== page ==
Silicosis is a term was introduced by Visconti in 1870 and was derived from Latin silex, or flint. Chronic silicosis initially causes no symptoms or old mild respiratory difficulties. Over years it may, however progress to involve most of the lung.
All patients are at about 30-fold increased risk of pulmonary TB or nontubercular mycobacterial disease. Exposure to silica (without developing silicosis) alone can triple the risk. Chronic silicosis initially causes no symptoms or old mild respiratory difficulties. Over years it may, however progress to involve most of the lung and may cause dyspnoea (difficulty to breathe) at rest. Patients with silicosis will gave an occupational history of silica exposure
Diagnosis is based on history and radiological findings. A diagnosis of silicosis is usually confirmed by chest x-ray or CT appearance. CT is more sensitive than x-ray.
Treatment is chiefly supportive. There is no specific therapy that can cure or alter the course of silicosis. The first step in the treatment of silicosis is to prevent further exposure to silica dust. Patients must quit smoking. Immunization against influenza and pneumococcal pneumonia is advised. Patients with acute silicosis may benefit from corticosteroids. Severe cases may require lung transplantation. Introduction of mechanized mining brought about an increase in prevalence of silicosis. No racial predilection is reported. Male workers are primarily affected. Not much information regarding age is available. The general term for lung disease caused by inhalation of mineral dust is pneumoconiosis.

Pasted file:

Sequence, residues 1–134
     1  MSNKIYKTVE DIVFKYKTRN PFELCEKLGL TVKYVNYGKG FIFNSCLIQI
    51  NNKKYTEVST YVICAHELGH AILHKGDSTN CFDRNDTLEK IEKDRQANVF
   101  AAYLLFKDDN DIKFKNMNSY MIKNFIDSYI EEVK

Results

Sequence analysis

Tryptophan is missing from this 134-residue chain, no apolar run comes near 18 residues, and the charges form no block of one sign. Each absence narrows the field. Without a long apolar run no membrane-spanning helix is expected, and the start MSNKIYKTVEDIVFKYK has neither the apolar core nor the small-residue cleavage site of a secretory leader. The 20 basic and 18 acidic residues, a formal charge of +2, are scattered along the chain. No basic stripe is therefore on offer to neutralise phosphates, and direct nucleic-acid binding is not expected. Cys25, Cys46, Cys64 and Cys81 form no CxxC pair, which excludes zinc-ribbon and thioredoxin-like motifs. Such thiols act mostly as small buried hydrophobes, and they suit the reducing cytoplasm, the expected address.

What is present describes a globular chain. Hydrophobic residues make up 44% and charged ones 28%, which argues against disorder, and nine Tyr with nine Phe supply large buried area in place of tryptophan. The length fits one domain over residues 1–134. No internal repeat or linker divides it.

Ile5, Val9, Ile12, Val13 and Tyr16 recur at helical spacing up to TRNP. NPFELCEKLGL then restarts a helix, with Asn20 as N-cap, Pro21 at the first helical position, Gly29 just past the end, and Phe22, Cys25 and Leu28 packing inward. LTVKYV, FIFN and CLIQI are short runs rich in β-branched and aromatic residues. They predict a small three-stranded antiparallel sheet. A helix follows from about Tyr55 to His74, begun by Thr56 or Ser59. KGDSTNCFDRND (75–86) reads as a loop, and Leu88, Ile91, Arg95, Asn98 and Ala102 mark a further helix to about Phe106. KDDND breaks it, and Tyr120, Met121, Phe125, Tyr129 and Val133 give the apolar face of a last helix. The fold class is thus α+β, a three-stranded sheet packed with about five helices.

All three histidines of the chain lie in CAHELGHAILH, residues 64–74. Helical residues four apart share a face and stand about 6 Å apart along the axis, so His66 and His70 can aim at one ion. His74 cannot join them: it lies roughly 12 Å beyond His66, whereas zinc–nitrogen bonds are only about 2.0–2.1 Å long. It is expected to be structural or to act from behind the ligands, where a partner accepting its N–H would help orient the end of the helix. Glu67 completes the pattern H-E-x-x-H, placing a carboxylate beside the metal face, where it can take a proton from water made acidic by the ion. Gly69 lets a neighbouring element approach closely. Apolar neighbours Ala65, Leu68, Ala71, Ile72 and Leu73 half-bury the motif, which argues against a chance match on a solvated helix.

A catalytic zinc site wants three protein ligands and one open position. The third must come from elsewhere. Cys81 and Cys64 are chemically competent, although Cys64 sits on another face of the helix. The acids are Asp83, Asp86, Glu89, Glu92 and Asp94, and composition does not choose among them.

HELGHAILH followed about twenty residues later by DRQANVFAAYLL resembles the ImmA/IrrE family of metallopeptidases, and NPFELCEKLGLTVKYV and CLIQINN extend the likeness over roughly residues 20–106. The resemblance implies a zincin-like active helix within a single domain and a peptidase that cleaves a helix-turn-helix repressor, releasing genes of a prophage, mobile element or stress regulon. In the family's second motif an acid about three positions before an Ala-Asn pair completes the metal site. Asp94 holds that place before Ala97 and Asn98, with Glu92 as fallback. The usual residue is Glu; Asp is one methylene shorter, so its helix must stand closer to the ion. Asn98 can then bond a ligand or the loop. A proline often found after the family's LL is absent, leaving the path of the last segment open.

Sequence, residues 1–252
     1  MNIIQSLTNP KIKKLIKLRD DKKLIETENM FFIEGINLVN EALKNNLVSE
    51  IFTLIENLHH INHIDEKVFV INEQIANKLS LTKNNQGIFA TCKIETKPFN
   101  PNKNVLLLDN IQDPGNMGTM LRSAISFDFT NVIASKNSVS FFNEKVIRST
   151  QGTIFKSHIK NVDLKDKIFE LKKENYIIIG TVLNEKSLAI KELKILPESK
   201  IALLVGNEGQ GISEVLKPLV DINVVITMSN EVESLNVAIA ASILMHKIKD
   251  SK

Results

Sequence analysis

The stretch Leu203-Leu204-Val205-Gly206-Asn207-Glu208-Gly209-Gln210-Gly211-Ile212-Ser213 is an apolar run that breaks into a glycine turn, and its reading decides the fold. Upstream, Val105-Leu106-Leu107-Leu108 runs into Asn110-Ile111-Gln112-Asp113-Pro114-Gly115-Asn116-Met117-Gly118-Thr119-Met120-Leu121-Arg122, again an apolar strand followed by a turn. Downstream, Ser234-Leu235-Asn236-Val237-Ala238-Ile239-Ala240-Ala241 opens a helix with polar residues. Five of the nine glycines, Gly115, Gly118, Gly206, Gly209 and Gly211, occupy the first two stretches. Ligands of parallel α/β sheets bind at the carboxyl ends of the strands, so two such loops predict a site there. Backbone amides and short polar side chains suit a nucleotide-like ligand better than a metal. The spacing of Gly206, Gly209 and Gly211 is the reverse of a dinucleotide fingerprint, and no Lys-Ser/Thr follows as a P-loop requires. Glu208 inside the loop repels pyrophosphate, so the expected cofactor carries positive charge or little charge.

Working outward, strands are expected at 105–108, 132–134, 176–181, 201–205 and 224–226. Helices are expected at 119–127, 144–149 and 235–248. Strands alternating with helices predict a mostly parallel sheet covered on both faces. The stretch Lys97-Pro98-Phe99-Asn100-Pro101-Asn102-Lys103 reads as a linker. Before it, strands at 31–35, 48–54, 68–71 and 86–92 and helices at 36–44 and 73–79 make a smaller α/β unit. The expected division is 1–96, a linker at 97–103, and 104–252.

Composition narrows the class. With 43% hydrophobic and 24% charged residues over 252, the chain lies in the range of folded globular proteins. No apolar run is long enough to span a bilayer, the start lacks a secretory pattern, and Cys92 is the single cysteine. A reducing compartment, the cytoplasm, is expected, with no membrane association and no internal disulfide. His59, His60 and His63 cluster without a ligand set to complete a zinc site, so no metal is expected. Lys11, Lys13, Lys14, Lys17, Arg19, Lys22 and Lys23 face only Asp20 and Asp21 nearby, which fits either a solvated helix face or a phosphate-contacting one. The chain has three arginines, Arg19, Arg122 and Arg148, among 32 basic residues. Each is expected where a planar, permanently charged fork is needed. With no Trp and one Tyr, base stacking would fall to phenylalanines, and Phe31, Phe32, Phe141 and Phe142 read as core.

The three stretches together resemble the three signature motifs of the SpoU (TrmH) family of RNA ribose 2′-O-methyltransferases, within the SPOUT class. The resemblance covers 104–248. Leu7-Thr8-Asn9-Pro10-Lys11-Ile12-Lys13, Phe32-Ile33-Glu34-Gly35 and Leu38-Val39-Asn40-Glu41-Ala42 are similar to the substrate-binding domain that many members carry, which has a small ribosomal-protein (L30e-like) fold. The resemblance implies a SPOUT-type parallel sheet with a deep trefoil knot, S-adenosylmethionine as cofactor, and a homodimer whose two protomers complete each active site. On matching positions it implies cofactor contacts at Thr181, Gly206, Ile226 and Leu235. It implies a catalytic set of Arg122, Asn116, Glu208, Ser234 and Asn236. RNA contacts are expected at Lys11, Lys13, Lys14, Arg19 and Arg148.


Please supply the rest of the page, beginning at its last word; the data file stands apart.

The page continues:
Latest Publications and Research on SilicosisThe correlation of SUVmax with pathological characteristics of primary tumor and the value of Tumor/ Lymph node SUVmax ratio for predicting metastasis to lymph nodes in resected NSCLC patients. - Published by PubMed
Pulmonary tuberculoma and miliary tuberculosis in silicosis. - Published by PubMed
Increased risk of tuberculosis in patients with end-stage renal disease: a population-based cohort study in Taiwan, a country of high incidence of end-stage renal disease. - Published by PubMed
[Diagnosis of pulmonary tuberculosis using Ziehl-Neelsen stain and polymerase chain reaction.] - Published by PubMed
[Hemoptysis in a patient with severe COPD and silicosis.] - Published by PubMed